See also here for four verses and refrain of hymn:

See also here for brief biography of the composer:

Here’s some background on the chemical Lugduname:

Thursday, March 5, 2015

Jesus, Rose of Sharon -- Ida A. Guirey

She must have been looking at a very specific portion of Biblical text as she mulled over how to call out to
God’s son. “Jesus, Rose of Sharon” sprang from the consciousness of Ida A. Guirey in the early 1920s, but what compelled its emergence? Was it something unique to herself that she wanted to say, matching the select nature of the text at which she peered? Was she seeking or in a special marital relationship that drew her to the text she read? How old was she? Did she appreciate nature, including beautiful and fragrant flowers, like roses (or tulips, like these that could be the ‘rose’ on Israel’s Plain of Sharon)? The answers to a host of questions like these and maybe others could tell us important details about her, but since “Rose of Sharon” is still here, it provides us some insights of her that we can reflect back upon ourselves.

The few details we know of the otherwise anonymous Ida A. Guirey tell us she wrote song poetry in the early 20th Century, including ‘…Rose of Sharon’ that she must have composed as she looked at one of the more obscure books of the bible. She composed only a handful of song poems, including one (in 1909?) during the first decade of the 20th Century, so by 1921-22, when ‘…Rose’ is attributed to Guirey, her age probably was that of at least a young woman, if not older. Only Song of Solomon (aka Song of Songs; chapter 2, verse 1) uses the phrase Guirey borrows for her song’s title and oft-repeated phrase. Love is on the mind of most of us when we open the pages of this bible book…was it also Ida’s state of mind? We know not if she had an intimate bond with someone on earth as she read Solomon’s words, but certainly she loved Jesus, and sought His embrace and impact. We could also surmise that perhaps she appreciated nature’s beauty, and the facet of Jesus’ nature that a Sharon rose calls to mind. Flowers might seem fragile to some minds (like mine), but Ida’s thoughts tell us she believed His strengths lay in that imagery. Perhaps she had a green thumb (!), along with a deep desire to see His way more deeply affect her life and those around her.  Roses need good soil and other nourishment –sunshine, water—that really only He can give. Ida Guirey may have concluded that our Creator is the unique source of growth and beauty, to make herself and others flourish and be who He created His offspring to be.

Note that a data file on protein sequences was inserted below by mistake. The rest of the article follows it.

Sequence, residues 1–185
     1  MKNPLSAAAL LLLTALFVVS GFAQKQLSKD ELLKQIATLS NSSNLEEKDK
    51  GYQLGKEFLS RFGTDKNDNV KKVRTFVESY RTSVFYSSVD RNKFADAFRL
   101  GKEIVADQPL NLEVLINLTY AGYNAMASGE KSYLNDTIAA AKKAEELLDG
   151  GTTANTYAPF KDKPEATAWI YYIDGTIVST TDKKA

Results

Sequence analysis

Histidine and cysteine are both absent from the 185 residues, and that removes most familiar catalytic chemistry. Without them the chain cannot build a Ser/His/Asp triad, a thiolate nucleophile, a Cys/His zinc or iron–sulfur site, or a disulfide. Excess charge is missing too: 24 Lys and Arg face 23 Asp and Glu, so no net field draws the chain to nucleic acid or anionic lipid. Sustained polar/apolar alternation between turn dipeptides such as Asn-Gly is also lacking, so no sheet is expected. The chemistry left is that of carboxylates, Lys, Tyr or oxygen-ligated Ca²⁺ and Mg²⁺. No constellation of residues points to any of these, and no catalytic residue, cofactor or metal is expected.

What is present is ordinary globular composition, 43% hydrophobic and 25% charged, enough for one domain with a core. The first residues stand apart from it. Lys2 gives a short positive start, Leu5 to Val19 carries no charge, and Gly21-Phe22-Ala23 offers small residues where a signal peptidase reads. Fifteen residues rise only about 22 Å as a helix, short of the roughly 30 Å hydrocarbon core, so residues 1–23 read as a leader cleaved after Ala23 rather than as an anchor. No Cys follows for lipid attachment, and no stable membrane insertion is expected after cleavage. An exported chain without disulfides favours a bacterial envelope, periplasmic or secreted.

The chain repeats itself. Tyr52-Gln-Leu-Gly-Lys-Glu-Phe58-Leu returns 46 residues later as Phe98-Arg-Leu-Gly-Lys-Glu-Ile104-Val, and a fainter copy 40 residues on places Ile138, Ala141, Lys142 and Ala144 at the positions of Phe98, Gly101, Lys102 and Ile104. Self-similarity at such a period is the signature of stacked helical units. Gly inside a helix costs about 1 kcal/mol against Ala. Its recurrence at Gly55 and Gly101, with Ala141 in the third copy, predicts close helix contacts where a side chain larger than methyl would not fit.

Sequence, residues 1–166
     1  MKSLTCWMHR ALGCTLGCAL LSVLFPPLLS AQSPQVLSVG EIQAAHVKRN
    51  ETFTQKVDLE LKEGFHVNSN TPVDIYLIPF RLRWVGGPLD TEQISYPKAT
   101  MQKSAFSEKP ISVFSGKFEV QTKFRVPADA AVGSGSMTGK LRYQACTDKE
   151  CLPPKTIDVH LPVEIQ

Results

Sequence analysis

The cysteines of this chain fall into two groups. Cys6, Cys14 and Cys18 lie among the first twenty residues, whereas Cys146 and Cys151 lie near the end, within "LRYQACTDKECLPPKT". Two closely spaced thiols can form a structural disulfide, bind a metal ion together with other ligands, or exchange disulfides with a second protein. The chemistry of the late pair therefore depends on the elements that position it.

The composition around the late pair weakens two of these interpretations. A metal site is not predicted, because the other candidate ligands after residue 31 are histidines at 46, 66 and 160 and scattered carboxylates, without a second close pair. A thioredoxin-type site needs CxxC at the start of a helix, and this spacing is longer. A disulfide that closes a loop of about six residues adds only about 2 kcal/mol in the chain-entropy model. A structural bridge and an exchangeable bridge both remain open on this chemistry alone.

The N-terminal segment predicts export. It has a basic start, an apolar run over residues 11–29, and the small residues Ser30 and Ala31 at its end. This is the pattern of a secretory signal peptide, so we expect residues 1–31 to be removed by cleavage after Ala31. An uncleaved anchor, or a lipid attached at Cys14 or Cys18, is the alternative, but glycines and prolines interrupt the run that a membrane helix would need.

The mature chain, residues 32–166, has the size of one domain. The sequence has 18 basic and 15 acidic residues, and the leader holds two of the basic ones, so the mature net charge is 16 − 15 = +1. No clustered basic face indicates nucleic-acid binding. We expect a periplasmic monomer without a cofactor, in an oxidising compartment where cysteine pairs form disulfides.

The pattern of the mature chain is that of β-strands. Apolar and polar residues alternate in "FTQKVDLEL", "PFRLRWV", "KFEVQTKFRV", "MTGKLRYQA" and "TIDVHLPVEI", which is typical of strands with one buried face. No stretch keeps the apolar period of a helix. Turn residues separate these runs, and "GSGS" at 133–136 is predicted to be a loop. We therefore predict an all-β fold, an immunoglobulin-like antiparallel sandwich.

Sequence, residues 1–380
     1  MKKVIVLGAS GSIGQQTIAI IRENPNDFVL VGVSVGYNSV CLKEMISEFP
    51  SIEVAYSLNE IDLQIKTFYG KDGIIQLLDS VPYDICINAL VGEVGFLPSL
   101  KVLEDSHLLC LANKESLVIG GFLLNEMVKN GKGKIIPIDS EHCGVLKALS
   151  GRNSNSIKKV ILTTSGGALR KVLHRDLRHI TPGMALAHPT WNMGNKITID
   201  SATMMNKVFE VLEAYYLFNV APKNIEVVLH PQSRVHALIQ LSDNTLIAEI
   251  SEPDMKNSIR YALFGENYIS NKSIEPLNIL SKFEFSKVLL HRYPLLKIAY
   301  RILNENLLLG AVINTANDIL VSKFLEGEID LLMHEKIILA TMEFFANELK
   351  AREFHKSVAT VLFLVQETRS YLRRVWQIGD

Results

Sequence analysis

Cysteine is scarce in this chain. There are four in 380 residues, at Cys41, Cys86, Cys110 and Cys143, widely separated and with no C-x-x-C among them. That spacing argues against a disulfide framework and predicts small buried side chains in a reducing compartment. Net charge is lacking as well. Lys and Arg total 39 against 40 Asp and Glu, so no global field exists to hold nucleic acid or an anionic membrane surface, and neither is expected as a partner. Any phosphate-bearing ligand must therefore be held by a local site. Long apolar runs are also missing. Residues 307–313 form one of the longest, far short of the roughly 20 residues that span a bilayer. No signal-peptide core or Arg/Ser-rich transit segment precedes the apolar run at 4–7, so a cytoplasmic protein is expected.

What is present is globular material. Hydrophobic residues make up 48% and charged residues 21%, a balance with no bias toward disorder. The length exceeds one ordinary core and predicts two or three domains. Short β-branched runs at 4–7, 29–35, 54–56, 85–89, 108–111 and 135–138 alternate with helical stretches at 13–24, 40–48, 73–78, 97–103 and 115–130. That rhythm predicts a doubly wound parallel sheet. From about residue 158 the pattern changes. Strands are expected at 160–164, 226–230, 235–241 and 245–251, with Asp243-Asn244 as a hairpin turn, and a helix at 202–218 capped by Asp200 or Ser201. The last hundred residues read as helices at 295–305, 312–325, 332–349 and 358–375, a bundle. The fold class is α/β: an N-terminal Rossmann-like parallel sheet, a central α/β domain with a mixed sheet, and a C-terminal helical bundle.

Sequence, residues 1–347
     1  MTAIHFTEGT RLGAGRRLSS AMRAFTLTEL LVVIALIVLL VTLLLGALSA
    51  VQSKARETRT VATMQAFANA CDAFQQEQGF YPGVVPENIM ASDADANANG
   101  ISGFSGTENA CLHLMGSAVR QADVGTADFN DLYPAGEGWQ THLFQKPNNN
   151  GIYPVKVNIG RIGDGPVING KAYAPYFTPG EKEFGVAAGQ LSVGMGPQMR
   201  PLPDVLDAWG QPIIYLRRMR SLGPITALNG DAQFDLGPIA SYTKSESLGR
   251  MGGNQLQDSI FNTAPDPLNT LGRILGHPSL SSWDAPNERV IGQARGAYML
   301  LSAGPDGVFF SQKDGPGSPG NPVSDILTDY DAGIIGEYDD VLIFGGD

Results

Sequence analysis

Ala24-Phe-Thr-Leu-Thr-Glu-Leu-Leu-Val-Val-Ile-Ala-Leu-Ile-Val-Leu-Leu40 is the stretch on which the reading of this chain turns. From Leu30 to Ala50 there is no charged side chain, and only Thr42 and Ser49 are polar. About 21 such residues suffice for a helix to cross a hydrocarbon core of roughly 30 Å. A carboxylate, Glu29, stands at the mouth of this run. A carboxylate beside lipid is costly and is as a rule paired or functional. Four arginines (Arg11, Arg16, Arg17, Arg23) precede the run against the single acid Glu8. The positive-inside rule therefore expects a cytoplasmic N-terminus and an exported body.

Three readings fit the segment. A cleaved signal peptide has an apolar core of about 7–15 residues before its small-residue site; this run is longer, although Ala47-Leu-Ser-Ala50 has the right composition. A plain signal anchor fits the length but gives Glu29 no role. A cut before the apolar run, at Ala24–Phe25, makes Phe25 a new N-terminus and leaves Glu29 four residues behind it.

What Ida prayed to receive is common to all of us, if we want His best. She apparently had deduced that God’s creative power and beauty could flow through herself and be a magnet for those nearby (v.1), if only she would allow those things to increase personally (v.2). To heal others’ spiritual ills and infuse them with a submissive desire to honor Him (vv. 3-4) was the model Christian community—even a worldwide one—that Ida envisioned. Ask yourself, ‘am I there today’? ‘Impossible’, you say? Ida must have thought otherwise, or judged the connection with Him was worth the effort. She might have thought there was an extraterrestrial place where the ideal could culminate, too. Know where to go to find that?  

The following links are the sources for songs by the composer, the only scant information on the composer: